Wednesday, October 28, 2009

Happy ASTC Halloween!

The international "gathering of the clans" of science center folks called the ASTC Annual Conference starts in Fort Worth this Saturday.

Which as my four children have repeatedly reminded me is Halloween.

So here is a great "trick or treat" (without the trick!) opportunity for any intrepid ExhibiTricks readers who will be in Fort Worth --- I've got several decks of Harry White's Exhibit Aphorism cards (kindly provided by Harry)  to give away.  To find out how to snag your own free deck, just keep reading ....

Here's an excerpt from a previous ExhibiTricks interview with Harry about the decks:

Tell us about your card deck of exhibit aphorisms.
In 1996, Techniquest started the UK’s first Masters course in Science Communication based in a Science Centre. It was a great success with students from all around the world, graduates were snapped up by most of the new UK science centres. I taught the Exhibits module, but after a year of PowerPointing them into submission, I felt that it just wasn’t appropriate to teach a degree about informal education, formally. Also, whenever I ran out of material for a session, just saying something deliberately controversial would start a debate that would fill the time and engage the students.

So I started collecting these quotations, jokes and provocations as aphorisms and put 52 of the best/most annoying onto a deck of cards. When the sessions flagged, I’d ask someone to pick a card, read it out and then the group would try and fathom what I was getting at. Most times a heated debate would ensue.

So you’d like some examples. There are over 200 so bear with me and I’ll pick some of the better ones. You may notice I’ve sneaked one in already in italics above.

The first is from Ken Gleason, at one time it was up on the wall in our workshop.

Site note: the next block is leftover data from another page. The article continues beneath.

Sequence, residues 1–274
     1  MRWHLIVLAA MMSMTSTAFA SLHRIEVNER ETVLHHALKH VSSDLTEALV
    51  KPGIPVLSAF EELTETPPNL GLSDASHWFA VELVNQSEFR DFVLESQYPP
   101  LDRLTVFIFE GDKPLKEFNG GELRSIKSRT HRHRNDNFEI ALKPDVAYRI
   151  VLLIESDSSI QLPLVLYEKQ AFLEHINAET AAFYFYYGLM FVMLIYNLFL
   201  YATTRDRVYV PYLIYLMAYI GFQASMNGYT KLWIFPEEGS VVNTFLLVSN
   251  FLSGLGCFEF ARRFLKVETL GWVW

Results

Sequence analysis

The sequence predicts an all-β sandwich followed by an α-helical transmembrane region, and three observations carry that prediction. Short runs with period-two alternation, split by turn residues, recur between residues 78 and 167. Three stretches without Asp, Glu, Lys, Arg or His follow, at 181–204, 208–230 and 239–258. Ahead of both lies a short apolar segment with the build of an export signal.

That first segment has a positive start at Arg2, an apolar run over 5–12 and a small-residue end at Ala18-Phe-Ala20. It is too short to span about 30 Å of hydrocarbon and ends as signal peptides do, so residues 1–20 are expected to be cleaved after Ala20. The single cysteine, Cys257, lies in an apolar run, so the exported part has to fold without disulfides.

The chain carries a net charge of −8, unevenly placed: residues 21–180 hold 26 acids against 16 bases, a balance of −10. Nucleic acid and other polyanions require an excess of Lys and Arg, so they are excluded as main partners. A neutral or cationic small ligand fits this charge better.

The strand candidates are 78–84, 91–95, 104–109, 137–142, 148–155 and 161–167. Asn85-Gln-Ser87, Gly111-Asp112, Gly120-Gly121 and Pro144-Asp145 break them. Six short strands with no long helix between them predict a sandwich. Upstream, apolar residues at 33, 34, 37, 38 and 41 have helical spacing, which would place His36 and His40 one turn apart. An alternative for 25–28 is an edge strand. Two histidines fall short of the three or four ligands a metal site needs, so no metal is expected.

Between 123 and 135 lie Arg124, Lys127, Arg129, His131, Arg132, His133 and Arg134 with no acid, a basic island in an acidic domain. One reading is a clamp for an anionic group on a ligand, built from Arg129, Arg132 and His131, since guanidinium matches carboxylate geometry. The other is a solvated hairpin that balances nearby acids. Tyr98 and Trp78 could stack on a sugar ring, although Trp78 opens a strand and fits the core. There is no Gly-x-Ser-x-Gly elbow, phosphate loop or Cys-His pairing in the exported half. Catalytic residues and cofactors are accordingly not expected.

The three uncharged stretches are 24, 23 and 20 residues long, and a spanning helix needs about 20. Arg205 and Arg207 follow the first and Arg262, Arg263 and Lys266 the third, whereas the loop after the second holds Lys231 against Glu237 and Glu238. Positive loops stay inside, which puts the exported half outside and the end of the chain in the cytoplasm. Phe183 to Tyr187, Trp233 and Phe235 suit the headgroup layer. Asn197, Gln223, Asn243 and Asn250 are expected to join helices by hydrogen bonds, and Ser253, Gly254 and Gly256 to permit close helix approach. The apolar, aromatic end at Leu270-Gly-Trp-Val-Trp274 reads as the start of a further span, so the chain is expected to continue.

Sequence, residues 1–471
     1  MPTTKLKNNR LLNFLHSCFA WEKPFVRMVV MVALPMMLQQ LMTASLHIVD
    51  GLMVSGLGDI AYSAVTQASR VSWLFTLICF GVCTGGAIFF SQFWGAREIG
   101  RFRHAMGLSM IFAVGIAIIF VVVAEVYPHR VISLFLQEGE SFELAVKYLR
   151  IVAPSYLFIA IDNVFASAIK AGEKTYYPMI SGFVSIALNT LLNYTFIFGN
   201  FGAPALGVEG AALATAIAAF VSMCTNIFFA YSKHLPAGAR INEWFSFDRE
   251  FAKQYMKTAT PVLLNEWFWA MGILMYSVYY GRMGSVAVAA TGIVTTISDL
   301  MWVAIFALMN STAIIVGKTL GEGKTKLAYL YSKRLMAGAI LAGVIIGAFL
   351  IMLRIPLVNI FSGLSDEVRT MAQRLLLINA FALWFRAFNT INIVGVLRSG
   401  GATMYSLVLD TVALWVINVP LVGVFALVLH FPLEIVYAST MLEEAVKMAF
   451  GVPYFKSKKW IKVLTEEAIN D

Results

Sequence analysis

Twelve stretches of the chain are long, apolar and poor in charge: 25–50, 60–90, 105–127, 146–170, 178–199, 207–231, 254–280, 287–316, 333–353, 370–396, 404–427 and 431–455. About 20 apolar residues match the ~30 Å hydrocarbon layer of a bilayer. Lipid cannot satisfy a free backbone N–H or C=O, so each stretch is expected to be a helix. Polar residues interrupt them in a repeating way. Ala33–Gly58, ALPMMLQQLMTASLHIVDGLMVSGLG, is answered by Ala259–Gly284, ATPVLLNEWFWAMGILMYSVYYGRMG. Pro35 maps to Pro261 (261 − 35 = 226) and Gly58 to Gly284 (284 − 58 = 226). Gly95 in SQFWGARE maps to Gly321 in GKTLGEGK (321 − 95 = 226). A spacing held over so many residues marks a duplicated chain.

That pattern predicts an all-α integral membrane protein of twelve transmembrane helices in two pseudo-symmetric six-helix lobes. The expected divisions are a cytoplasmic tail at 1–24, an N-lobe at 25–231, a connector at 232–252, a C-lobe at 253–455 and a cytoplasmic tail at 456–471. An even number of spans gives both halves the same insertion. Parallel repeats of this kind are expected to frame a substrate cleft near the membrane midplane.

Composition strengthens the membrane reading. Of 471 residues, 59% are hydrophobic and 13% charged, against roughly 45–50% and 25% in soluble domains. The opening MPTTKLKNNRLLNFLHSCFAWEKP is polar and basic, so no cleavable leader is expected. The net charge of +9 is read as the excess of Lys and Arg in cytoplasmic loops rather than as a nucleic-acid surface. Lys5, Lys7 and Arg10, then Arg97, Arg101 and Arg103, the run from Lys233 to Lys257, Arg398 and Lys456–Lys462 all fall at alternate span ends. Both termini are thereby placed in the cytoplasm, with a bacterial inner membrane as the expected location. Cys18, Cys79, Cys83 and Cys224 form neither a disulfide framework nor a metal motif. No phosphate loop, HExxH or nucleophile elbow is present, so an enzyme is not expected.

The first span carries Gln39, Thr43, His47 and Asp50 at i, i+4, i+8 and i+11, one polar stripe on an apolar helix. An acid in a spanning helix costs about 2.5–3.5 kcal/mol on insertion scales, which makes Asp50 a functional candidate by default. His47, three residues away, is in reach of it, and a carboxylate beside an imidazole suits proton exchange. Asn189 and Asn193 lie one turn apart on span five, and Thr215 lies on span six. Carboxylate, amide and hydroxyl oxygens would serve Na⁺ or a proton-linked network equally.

The Three Ways an Exhibit Must Work.
1. Attraction
If they don't use it, it can't achieve anything.

2. Function.
It must work, keep working and be safe.

3. Education.
What we're for, and why we're doing it. 1 & 2 lead here.

And from Ian Simmons
"The Survival of the Dullest"
Good exhibits are popular, get used and therefore break down.
Dull exhibits don't get used, and so don't break down.
Therefore all interactive exhibitions, without maintenance, eventually tend towards the dull.

Others are shorter and reflect bitter experience:

Sufficient ruggedisation of loose parts turns them into weapons.

For every hole or gap there is a corresponding human limb or appendage to get wedged in it.

Making easy exhibits is difficult.
Making easy exhibits difficult is easy.

Then some come in pairs:

Any component which is ideal, cheap and universally available will be discontinued by the time the exhibit that uses it is fully developed.

Any component that doesn't exist, so you have to devise it at great cost, will be in the next RS (McMaster Carr) catalogue.

Not all are about exhibits:

Nobody cares who the Director is.
(As you may imagine this was more forcefully put, the point being that however hard the administration works it’s the people on the front line that the Visitors meet and our job is to support them.)

“Give a visitor a fact and they know one thing,
Give them curiosity and they will learn endless things.”
Ian Russell

“Nobody flunked a Science Centre.”
Frank Oppenheimer

“The probability of somebody doing the absolutely inconceivable is never exactly zero.”
H. Richard Crane

“Visitors come to a Science Centre because it’s cheaper than the movies and less exhausting than the swimming pool.”
Gillian Thomas

You can know the science from a book,
You can know the engineering from experience,
But to find out what it makes people think you have to ask them.

Exhibits are about the phenomena, if the Visitor notices that the design is good, then it’s not good enough

The interactive content of an exhibit is inversely proportional to the area and expense of the graphic surrounding it

And so on, and on and on…………….

The idea of an Aphorism is to put some core truth in a memorably flippant way so that people who are “in the know” recognize it and those who don’t think about it. As an instructional tool this has a fatal flaw in that any one who “gets” it doesn’t need it and those that need it, don’t get it.

So I have started writing explanations of the Aphorisms to go with them. I use them a lot in consulting with other centres because they are memorable and anti-intuitive, a bit like good exhibits really.

A consultant is a person who borrows your watch and then charges to tell you the time.


So, if you'd like a chance to win your own Exhibit Aphorisms deck of cards, just find me on October 31st, hand me your business card, and say "Trick or Treat!"

That's it.  Supplies are limited, but I'll make sure I have a batch to give away for both the A.M. and P.M. to keep things interesting.

Hope to see you in Fort Worth!

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